Unfortunately, puppy mills are still a powerful force in the dog breeding world. They do not care about the care, safety, and health of the animals… just the money that they can receive from their sale. Many of the animals in their care live miserable existences and have never been given the love and care that they deserve. They usually sell sick dogs that have lifelong health issues as well as many behavior issues.  

So how do you find your next family member without accidentally purchasing from one? Here are some ways to avoid supporting this industry.  

Going to Your Local Shelter  

If you are looking for a particular breed, don’t skip the local shelter. People surrender animals there for many reasons, like losing a home, so you would be surprised at the number of purebreds that reside there. Also, when puppy mills are raided and shut down, shelters usually end up with a lot of those animals. They assess their health, provide them with care, and when they are ready, go up for adoption. Looking for a puppy or kitten? Shelters are usually bursting at the seams with entire litters.  

While shelters and animal control are two different entities with different purposes, don’t forget to check there as well. Often after animal control has had dogs in their possession for a while or if they end up surrendered, they will also put them up for adoption.  

Some of the shelters Hungry Hound works with on a regular basis are:  

  • Hobart Humane Society
  • Humane Society of Northwest Indiana
  • South Suburban Humane Society
  • Lake County Animal Control


Reaching Out to a Rescue  

Rescues are on the front lines of retrieving dogs out of overcrowded shelters and animal control. They don’t have “facilities”. Instead, they are a network of people that foster animals in their own homes until they can find them a good home.  

Some rescues focus on a specific breed, while others will take any dog in need. Rest assured, there’s always plenty of animals available. From puppies to seniors and dogs to cats to guinea pigs, you’ll find them with your local rescue.  

And don’t overlook seniors. They are magnificent pets that are usually housebroken and just looking to spend their golden years relaxing in a home that loves them.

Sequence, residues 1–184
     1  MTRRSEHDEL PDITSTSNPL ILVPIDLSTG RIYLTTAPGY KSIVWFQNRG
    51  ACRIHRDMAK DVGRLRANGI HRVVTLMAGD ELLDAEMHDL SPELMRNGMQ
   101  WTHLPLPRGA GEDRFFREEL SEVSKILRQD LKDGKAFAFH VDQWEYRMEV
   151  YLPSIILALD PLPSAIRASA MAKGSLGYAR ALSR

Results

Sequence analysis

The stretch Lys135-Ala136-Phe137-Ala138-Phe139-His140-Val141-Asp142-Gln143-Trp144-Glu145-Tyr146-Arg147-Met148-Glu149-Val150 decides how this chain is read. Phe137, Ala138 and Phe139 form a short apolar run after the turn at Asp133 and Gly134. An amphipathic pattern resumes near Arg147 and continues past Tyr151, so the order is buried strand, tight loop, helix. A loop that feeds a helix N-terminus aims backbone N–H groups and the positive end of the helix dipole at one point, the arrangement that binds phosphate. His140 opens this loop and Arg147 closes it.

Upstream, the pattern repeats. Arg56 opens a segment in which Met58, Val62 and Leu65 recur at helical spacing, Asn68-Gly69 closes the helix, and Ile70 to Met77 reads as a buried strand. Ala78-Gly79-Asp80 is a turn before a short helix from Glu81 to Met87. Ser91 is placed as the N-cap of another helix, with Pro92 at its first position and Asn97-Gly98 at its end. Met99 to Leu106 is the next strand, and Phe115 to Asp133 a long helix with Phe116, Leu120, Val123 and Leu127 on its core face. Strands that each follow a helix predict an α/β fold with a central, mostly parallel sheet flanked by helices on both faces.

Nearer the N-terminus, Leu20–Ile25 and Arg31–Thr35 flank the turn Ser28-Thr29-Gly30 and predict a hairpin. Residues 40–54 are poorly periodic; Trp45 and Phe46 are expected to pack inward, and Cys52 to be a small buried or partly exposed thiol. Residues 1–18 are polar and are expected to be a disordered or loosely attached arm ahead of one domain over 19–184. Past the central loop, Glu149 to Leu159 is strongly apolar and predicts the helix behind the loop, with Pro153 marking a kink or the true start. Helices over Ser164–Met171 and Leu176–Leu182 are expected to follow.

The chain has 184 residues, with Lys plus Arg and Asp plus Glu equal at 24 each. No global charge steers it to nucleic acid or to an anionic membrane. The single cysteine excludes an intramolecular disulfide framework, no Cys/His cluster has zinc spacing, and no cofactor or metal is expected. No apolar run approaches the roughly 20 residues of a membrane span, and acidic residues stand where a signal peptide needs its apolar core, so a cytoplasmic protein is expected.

Some of our favorite rescues:  

  • Sunshine Paws
  • Lakeshore Paws
  • Giant Paw Prints Rescue
  • 2x2 Rescue
  • Guardians of the Green Mile
  • Open Arms Animal Rescue


Finding a Responsible Breeder  

Sometimes you can’t find the dog you’re looking for in a shelter or rescue, so you’ll look into a breeder. Responsible breeders are focused on their breed and care about the health and well-being of animals in their care. A good breeder will be a resource for you to have for years to come.  

The key is to thoroughly research the breeders in which you are interested. Here are some helpful tips to help you avoid purchasing from a puppy mill or backyard breeder  

  • You should be able to see their facility. If they don’t want you to come to their home/facility, that’s a HUGE warning sign. The dogs should be kept in clearn, healthy living conditions with regular trips to the vet. Puppy mills NEVER provide that and will usually request to meet them someplace other than their location. If they don’t want you to see where the puppy is raised, DO NOT PURCHASE from this breeder.
  • You should be able to meet the parents. Most responsible breeders are proud of the puppy’s bloodline and the parents of the dog. They will hold AKC papers and be ready and willing to show you their paperwork and let you meet them so you can see their standard of health and wellness as well as the breeding standard. Puppy mills will not allow that to happen since the parents are always in poor living conditions, malnourished and have health issues.
  • There should not be multiple breeds and multiple litters. Again, responsible breeders usually focus on a single breed. If they offer many different types of breeds and advertise “designer dogs” that is a sign of a puppy mill. Also, most responsible breeders have only a few dogs that they breed at any given time. Multiple litters being sold are rare. If they have a seemingly endless supply of puppies, they most certainly are at risk of being a puppy mill.
  • The puppies should be the right age. Puppies should never leave their mother before they are 8 weeks old. Not only are they still getting nourishment from their mom, but they are also learning to socialize with their siblings. Being removed too young from their parents can result in health issues as well as behavior ones. Responsible breeders would never allow a puppy to be taken from their mother before then. They should also have veterinary visit and puppy vaccination records showing their age and the standard of care they have received with the breeder.

And remember, pet store puppies tend to be purchased from puppy mills, so it is best to stay away from them.  

Is this a lot of work? Absolutely, but so is being a pet parent. In the end, the health of your beloved pet and countless other dogs depends on it.